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Broadcast Music, Inc. et al v. Dfk Entertainment

March 15, 2012


The opinion of the court was delivered by: Gary L. Sharpe Chief Judge



I. Introduction

Plaintiffs Broadcast Music, Inc., Warner-Tamerlane Publishing Corp., Amazement Music, Hip City Music Inc., Hifrost Publishing, Wide Grooves Music, Gliro Music Inc. and Songs of Universal, Inc. (collectively "BMI") commenced this action under the Copyright Act of 1976,*fn1 alleging defendants DFK Entertainment, LLC and Dominic Karl (collectively "DFK") committed five acts of willful copyright infringement. (See Compl. ¶¶ 17-24, Dkt. No. 1.) Pending is BMI's motion for summary judgment and DFK's cross-motion for partial summary judgment. (See Dkt. Nos. 24, 25.) For the reasons that follow, BMI's motion is granted and DFK's cross-motion is denied.

II. Background*fn2

Under its agreements with various music publishing companies and composers, BMI licences "the right to publicly perform copyrighted musical compositions on behalf of the copyright owners of those works." (See BMI's Statement of Material Facts (SMF) ¶¶ 1-2, Dkt. No. 24, Attach. 8.) In turn, BMI sells "blanket licence agreements," which entitle music users, such as DFK, to "publicly perform any of the works in BMI's repertoire."

(See id. ¶ 4.) Albeit "non-exclusive," BMI acquired public performance rights to "Ain't No Stoppin' Us Now," "Before I Let Go," "Poison," "Rebirth of Slick Cool Like Dat" and "Mona Lisa" (collectively "the Works"),*fn3 each of which was performed without BMI's authorization at DFK's nightclub, Sneaky Pete's. (See id. ¶¶ 3, 6, 18-22.)

Located on Central Avenue in Albany, New York,*fn4 Sneaky Pete's held upwards of 600 people, and charged between $10 and $40 for admission. (See Dkt. 24, Attach. 7 at 12-14;DFK's SMF ¶ 24, Dkt. No. 25, Attach. 3.) From September 19, 2007 to February 6, 2011, Sneaky Pete's was owned and operated by DFK Entertainment LLC, through its sole member and owner, Dominic Karl. (See BMI's SMF ¶¶ 6-8.) Although he was only present 70% of the time it was open, Karl was the club's general manager, and as such, was authorized to "control the activities at Sneaky Pete's." (See id. ¶¶ 9, 12, 14.) For example, after Karl was served in this case, he "posted a notice that all disc jockeys should refrain from playing songs that are licensed only through BMI." (DFK's SMF ¶ 59.)

With respect to the infringements at issue, DFK concedes*fn5 that the Works were publicly performed at Sneaky Pete's without BMI's authorization on either March 28-29, 2009 or July 24-25, 2010. (See id. ¶¶ 18-22.) While DFK believed its ASCAP license, standing alone, was sufficient,*fn6 (see id. ¶¶ 47, 50), BMI, prior to commencing the investigation, placed seventy-nine telephone calls and sent sixteen letters to Sneaky Pete's regarding the public performance of its music. (See id. ¶¶ 25-26, 47-50.) Though six letters were sent directly to Sneaky Pete's-as opposed to DFK's preferred mailing address-Karl admits that he spoke with a BMI representative "[o]n at least one occasion." (Id. ¶ 26.) In total, BMI claims it was deprived of $25,674 in licensing fees for the period beginning December 2007 and ending February 2011. (See id. ¶ 28.)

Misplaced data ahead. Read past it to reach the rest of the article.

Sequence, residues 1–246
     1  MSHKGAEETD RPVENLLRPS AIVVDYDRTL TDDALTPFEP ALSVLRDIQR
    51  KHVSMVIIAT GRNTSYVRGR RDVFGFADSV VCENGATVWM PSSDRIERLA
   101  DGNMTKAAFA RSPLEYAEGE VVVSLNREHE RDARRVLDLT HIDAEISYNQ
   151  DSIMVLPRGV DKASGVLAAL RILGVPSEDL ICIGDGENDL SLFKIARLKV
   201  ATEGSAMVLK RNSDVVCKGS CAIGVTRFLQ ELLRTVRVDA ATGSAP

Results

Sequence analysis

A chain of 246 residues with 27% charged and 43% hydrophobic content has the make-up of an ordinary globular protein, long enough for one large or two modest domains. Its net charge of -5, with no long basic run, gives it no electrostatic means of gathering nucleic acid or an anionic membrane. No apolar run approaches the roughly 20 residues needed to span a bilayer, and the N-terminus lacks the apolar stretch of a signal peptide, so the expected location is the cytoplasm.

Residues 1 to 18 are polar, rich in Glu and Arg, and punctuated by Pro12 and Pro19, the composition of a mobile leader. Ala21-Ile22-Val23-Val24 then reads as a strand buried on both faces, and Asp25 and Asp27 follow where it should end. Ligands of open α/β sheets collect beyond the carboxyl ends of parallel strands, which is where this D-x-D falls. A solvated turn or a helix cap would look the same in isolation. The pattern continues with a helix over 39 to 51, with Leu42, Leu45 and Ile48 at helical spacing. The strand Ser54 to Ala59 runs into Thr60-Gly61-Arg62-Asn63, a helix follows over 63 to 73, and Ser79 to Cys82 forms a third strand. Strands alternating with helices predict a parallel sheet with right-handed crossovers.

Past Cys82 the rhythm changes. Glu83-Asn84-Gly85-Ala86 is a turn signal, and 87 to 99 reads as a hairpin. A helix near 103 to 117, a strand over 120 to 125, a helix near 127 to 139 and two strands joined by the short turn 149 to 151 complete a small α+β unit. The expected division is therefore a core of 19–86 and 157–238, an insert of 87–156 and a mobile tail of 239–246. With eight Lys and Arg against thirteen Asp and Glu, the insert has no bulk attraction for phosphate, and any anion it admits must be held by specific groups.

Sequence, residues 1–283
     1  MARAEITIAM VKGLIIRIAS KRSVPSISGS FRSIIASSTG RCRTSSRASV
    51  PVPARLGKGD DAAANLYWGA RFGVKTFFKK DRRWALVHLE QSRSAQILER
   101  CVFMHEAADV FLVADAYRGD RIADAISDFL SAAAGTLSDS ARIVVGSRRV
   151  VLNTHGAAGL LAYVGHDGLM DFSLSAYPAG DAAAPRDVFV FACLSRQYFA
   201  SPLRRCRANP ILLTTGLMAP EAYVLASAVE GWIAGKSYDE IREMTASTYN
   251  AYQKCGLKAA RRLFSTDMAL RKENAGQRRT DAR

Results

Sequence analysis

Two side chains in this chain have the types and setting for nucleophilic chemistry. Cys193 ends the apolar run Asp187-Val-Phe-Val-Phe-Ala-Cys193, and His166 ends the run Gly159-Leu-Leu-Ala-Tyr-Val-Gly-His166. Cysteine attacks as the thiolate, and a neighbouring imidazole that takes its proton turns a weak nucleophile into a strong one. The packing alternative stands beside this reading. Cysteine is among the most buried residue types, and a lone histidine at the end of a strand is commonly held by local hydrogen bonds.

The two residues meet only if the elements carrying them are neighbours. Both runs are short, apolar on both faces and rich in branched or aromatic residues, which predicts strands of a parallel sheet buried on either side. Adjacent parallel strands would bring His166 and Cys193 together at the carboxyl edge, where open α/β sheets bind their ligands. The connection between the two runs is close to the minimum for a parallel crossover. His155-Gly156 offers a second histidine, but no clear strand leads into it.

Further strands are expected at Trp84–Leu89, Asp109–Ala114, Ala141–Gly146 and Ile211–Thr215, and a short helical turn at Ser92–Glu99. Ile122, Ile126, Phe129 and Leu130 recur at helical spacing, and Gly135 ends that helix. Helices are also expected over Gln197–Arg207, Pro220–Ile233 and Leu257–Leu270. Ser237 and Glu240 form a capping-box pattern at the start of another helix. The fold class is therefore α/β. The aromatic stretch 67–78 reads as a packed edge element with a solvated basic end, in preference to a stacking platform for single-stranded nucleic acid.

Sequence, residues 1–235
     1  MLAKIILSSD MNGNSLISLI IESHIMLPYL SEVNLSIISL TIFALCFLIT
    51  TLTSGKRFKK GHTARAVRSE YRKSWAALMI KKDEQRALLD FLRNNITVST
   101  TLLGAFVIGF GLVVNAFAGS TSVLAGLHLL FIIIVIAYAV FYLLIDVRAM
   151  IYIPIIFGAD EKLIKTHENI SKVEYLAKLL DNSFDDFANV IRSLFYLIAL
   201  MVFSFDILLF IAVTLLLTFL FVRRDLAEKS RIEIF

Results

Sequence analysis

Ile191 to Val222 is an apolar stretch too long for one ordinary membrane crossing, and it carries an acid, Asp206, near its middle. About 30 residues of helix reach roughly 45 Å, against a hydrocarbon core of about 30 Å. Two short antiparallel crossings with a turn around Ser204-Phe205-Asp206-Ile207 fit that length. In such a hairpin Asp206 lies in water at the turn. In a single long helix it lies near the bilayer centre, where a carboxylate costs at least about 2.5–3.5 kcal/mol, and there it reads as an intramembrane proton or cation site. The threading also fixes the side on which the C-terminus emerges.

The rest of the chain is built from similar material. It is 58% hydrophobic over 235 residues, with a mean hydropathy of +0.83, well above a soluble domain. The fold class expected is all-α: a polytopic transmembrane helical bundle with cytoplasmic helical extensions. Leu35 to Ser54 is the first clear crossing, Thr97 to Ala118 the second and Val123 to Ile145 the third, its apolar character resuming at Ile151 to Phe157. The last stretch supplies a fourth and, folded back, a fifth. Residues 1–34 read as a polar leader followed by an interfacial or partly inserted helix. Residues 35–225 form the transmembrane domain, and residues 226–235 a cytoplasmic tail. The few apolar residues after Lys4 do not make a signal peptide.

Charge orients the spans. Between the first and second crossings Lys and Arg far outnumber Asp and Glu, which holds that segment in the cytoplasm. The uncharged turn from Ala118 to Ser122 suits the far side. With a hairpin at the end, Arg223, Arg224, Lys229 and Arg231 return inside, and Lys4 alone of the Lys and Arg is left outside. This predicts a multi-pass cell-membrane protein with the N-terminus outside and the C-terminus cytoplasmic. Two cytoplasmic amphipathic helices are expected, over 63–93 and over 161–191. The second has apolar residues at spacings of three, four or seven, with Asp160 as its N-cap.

III. Standard of Review

The standard of review under Fed. R. Civ. P. 56 is well established and will not be repeated here. For a full discussion of the standard, the court refers the parties to its decision in Wagner v. Swarts, No. 1:09-cv-652, 2011 WL 5599571, at *4 (N.D.N.Y. Nov. 17, 2011).

IV. Discussion

BMI argues it is entitled to summary judgment because it has provided uncontroverted evidence which proves DFK infringed the copyrights in question. (See Dkt. No. 24, Attach. 9 at 6-8.) While not admitting that BMI proved its case, DFK's "primary defense . . . is the unreasonableness of [BMI's] damages demands." (Dkt. No. 25, Attach. 1 at 4.) Thus, before addressing the issue of damages, the court discusses the sufficiency of BMI's proof with respect to its infringement claim.

A. Prima Facie Case of Infringement

"Copyright infringement is established when the owner of a valid copyright demonstrates unauthorized copying." Repp v. Webber, 132 F.3d 882, 889 (2d Cir. 1997); see 17 U.S.C. § 501(a). In the context of musical works, "copying" means the right "to perform the copyrighted work publicly." 17 U.S.C. § 106(4). Thus, establishing a prima facie case of copyright infringement in musical works hinges on proof of the following:

(1) the originality and authorship of the compositions involved; (2) compliance with all formalities required to secure a copyright under Title 17, United States Code; (3) that plaintiffs are the proprietors of the copyrights of the compositions involved in this action; (4) that the compositions were performed publicly for profit (by the defendants); and (5) that the defendants had ...

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